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The Shed

The Shed

No 97 July - August 2021
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The Shed is Eclectic, informed and always fascinating, there is something to interest everyone in The Shed. Aimed at those with a few tools and perhaps a few clues, this is the magazine for real sheddies. Packed with ideas, projects, advice and peeks into other people’s sheds.

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Country:
New Zealand
Language:
English
Publisher:
Parkside Media
Frequency:
Bimonthly
SUBSCRIBE
$29
6 Issues

in this issue

2 min.
our future is in good hands after all

When folks come across The Shed magazine, I know they will have a preconceived idea of who this publication is designed for — you, as a regular reader, probably have too. Many may reckon they know exactly the type and age of sheddie that we feature and who reads our magazine, but they would be wrong. Sure, a lot of our content features males of a certain age wearing a fair bit of grey hair but, honestly, it’s not exclusively so. With our The Shed website traffic, for example, Mr Google tells us that the majority of our visitors are males aged 35–50. However, female visitors account for over 25 per cent of our traffic. Does that surprise you? When we think of a project to write about or a sheddie’s work to feature,…

13 min.
honda police specials

Hayden Tasker works as an agricultural contractor in New Zealand’s South Island because he strongly feels that there is nothing more important than food production and feeding the world’s population. He points out that even scientists researching a cure for cancer can only do so because there is toast and Vegemite for them to eat for their breakfast. If the weather is fine, agricultural contractors work all the hours of daylight, and Hayden often clocks up 80-hour weeks with a succession of 18-hour work days. When The Shed contacted him to arrange a visit, he said he expected a cold front to pass through at 11am the next day and that he would be available then. He has studied his local weather for years and is often consulted by his neighbours…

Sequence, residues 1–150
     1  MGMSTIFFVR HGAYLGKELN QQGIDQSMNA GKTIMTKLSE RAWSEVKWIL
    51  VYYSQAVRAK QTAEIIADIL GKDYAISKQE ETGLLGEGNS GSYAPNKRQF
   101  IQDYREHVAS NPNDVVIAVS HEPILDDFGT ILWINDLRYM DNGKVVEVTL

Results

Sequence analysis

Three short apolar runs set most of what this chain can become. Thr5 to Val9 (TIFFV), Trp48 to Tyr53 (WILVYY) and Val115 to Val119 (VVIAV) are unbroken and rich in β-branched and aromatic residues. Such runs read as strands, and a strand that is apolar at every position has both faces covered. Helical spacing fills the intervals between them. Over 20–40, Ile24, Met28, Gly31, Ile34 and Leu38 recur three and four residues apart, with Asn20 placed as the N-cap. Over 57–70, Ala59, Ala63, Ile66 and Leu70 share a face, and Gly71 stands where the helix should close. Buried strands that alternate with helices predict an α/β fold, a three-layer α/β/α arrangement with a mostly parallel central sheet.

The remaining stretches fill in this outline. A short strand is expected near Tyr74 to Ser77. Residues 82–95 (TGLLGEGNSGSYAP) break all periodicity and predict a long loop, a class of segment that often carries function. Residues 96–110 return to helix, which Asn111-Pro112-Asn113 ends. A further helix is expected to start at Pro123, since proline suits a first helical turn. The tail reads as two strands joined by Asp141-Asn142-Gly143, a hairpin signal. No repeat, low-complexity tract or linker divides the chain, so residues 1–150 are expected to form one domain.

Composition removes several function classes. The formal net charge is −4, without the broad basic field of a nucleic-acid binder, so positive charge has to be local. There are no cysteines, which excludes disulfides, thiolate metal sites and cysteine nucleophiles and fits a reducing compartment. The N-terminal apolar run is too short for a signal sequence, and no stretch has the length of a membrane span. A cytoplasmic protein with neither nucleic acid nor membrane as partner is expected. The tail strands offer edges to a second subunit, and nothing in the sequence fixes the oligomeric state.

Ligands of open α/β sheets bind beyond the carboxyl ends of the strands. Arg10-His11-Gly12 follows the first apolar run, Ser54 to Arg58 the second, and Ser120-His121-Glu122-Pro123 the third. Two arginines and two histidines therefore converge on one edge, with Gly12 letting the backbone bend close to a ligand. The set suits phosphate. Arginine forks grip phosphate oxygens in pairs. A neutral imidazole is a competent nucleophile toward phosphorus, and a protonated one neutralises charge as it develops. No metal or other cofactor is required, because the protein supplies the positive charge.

3 min.
the policing of new zealand’s roads

The first traffic cop in New Zealand was hired by Auckland City in 1894, when virtually all vehicles were horse-drawn. From then on, many local bodies had officers with the authority to enforce traffic laws within their boundaries. The central government started policing some roads just before World War II, and gradually took over this task from local councils until, by the early 1990s, it was the sole traffic authority. The MOT was formed in 1968 and, apart from officers employed by some local authorities, the policing of New Zealand roads was the responsibility of its TSS. The MOT was a very large government department responsible for everything from lighthouses, now unmanned, to airtraffic control — now the responsibility of Airways Corporation — to weather forecasts. In 1992, the MOT’s TSS was…

1 min.
honda super cub

The Super Cub was, at first anyway, a 50cc four-stroke motorcycle with a semi-automatic gearbox that was introduced in 1958. It had the factory designation ‘C100’ but is best known in New Zealand as the ‘Honda step-through’. The ‘non-super’ Cub was a twostroke clip-on bicycle motor that Honda made in 1952 and ’53. Soichiro Honda particularly disliked the noisy, inefficient clip-ons, which were popular in Japan at the time, and wasn’t keen on two-strokes either, but he must have liked the name. The Super Cub is still in production and, according to motorcycle.com, 50 million had been produced by 2006 — with about the same number having been made since then. It is easily the best-selling vehicle of any type ever made. It transformed transportation in Asia, replacing the donkey in local…

2 min.
prototypes

Working in agriculture, Hayden Tasker often gets to see new and innovational machinery up close. He says that New Zealand is used as a testing ground by international machinery manufacturers, mainly, he thinks, because of its remoteness, although it’s hard to imagine agents of industrial espionage scouting local fields to scope out the opposition’s latest device. The difference in our seasons from the Northern Hemisphere, where these manufacturers are based, may also be an attraction. Hayden believes that it’s the same with motorcycles. New models can be discreetly trialled on our relatively deserted roads without attracting any great interest. The testers would enjoy better weather than during their winter at home too. On one holiday — preseason, of course — at the popular resort of Kaiteriteri at the top of the South…

3 min.
tinkering with the future

We have all heard it — or thought it at some point: the kids of today are so focused on their screens that they have no idea how things actually work. They don’t muck about with tools and wood and wheels; they don’t make things themselves any more. This, the theory goes, means that they are missing out on something really fundamental and valuable. Some might argue this digital-only focus doesn’t matter; kids are learning all the skills they need in the digital age, just as we learnt what we needed for the pre-digital age. More people, however, think that kids are missing out on vital hand–brain training and practical problem-solving that will make them more rounded people and more active agents in their own lives. This could be even more…